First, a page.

The San Lorenzo march is an Argentine military march, whose lyrics celebrate the role played by the Regiment of Mounted Grenadiers commanded by José de San Martín at the Battle of San Lorenzo during the Argentine War of Independence. Special mention receives the heroic sergeant Juan Bautista Cabral. The music was composed in 1901 by Uruguayan musician Cayetano Alberto Silva, and the lyrics in 1908 by Carlos Javier Benielli. It was later incorporated into the musical repertoires of other military bands around the world.
|"San Lorenzo march"|
|Single by Cayetano Alberto Silva and Carlos Javier Benielli|
|Released||October 30, 1902|
|Songwriter(s)||Cayetano Alberto Silva, Carlos Javier Benielli.|
|Lyrics about the Battle of San Lorenzo|
On July 8, 1901, at his home in Venado Tuerto, Santa Fe, Cayetano Silva composed a march dedicated to José de San Martín. He did so following a proposal from Representative Celestino Pera. He initially considered naming it "San Martín", but he changed his mind and named it "San Lorenzo" instead. The Battle of San Lorenzo is the only battle that San Martín fought within the territory of modern Argentina. The city of San Lorenzo, where the battle was fought, was the birthplace of Pablo Ricchieri (the Argentine War Minister in 1901), and Silva dedicated the march to him.
The march was publicly performed for the first time on October 30, 1902, at the opening ceremony for the monument to General San Martín in Plaza San Martín (Rosario), in the presence of President Julio Argentino Roca and Ricchieri. His neighbor, Carlos Javier Benielli, added lyrics to the march in 1908, with a description of the battle and the role of Juan Bautista Cabral in it.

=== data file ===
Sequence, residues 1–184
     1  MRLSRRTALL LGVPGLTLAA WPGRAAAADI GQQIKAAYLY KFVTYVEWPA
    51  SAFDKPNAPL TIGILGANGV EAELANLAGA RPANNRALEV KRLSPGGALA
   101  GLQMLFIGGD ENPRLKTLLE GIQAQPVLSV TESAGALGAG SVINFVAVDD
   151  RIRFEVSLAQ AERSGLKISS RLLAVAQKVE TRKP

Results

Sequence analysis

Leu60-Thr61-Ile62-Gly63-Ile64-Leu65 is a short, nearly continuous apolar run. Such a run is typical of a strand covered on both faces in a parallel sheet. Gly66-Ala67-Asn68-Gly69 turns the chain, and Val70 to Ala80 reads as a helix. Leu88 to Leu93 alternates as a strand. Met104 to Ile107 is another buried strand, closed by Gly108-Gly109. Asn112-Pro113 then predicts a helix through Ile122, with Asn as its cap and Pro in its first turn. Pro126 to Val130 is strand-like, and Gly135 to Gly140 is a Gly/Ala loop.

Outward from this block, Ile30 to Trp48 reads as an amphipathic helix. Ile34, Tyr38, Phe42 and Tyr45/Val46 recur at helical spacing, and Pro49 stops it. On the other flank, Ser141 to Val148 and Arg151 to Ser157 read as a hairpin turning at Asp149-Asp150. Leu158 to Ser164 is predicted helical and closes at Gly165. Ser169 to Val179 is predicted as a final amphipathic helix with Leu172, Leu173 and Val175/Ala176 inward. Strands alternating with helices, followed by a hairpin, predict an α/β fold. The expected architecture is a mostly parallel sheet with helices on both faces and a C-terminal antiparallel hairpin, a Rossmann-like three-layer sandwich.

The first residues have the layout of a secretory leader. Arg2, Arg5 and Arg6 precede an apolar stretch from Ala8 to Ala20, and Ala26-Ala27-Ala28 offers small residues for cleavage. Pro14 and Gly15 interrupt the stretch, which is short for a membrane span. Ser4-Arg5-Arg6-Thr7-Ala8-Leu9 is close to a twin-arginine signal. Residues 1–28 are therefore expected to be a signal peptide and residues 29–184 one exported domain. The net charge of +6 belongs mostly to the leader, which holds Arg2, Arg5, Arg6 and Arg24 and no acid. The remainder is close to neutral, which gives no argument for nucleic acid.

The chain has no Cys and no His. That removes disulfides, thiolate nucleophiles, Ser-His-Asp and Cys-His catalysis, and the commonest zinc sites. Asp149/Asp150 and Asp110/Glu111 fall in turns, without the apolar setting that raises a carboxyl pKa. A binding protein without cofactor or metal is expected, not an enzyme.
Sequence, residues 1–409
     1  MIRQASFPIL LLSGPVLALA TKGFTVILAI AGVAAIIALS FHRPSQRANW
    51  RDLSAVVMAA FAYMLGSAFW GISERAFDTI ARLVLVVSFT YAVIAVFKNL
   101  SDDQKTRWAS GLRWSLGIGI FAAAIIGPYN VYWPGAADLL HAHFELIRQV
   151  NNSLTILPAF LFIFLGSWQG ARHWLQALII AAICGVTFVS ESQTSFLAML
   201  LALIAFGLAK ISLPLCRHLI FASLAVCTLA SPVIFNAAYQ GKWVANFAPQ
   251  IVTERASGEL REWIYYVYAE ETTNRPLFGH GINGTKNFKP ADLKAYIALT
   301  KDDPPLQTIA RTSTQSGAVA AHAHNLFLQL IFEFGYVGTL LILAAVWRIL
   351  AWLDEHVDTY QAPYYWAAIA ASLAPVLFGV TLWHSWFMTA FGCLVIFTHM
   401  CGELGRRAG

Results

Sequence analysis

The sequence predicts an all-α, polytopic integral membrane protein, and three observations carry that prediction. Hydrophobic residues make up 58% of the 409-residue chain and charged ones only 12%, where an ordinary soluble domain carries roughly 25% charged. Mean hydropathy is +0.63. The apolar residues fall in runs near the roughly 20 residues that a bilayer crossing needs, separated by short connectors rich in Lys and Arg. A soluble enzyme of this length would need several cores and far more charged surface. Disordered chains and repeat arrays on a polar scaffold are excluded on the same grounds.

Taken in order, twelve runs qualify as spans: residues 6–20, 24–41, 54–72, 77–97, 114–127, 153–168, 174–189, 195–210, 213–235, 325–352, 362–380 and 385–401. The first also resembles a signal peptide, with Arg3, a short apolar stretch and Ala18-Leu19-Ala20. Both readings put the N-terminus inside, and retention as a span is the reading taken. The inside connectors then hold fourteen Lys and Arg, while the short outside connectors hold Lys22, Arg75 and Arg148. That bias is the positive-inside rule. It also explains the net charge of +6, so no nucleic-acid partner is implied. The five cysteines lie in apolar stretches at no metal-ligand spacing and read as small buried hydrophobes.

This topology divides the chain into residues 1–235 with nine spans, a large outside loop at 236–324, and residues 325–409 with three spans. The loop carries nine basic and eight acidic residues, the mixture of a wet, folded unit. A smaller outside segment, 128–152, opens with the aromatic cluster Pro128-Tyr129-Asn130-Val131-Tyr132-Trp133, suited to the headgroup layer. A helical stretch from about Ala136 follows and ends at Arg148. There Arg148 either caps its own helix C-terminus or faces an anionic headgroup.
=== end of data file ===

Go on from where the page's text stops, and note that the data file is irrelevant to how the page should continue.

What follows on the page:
The march became famous in other countries over time and, according to the Argentine British Community Council, is currently considered in Europe one of the best five military marches ever written. The military bands of Uruguay, Brazil and Poland, among others, include it in their musical repertoire. It was played during the coronations of King George V and Elizabeth II, in 1911 and 1953 respectively, with prior approval sought by the British government from Argentina. In addition, the march is played during the changing of the guard at Buckingham Palace, although it was suspended during the Falklands War. It was also exchanged with the German army for their Alte Kameraden march, before World War II, and it was played in Paris during the German occupation of France during World War II as a result. The Supreme Allied Commander, General Dwight D. Eisenhower, sought to redress this by having it played during the entrance of the Allied army that liberated Paris after the successful Operation Overlord.
|Spanish lyrics||English translation|
|Febo asoma, ya sus rayos
iluminan el histórico convento.
|Phoebus rises, and now his rays|
light up the historic convent.
|Avanza el enemigo
a paso redoblado,
|The enemy advances|
at redoubled path,
|Cabral, soldado heroico,
cubriéndose de gloria,
(interlude and repeat last 4 lines)
|Cabral, heroic soldier,|
was covered in glory
(interlude and repeat last 4 lines)
- ^ a b c d David Marchini and Diego Mayochi. "La marcha de San Lorenzo" [The battle of San Lorenzo]. El combate de San Lorenzo (in Spanish). San Martín National Institute. Archived from the original on July 6, 2011. Retrieved February 16, 2011.
- ^ a b c d e f Dr. John Emery and Ian Gall. "La Marcha de San Lorenzo or St. Lawrence's March". Argentine British Community Council. Retrieved February 16, 2011.
- San Lorenzo official site - San Lorenzo march interpreted by Alejandro Lerner and María Elena Walsh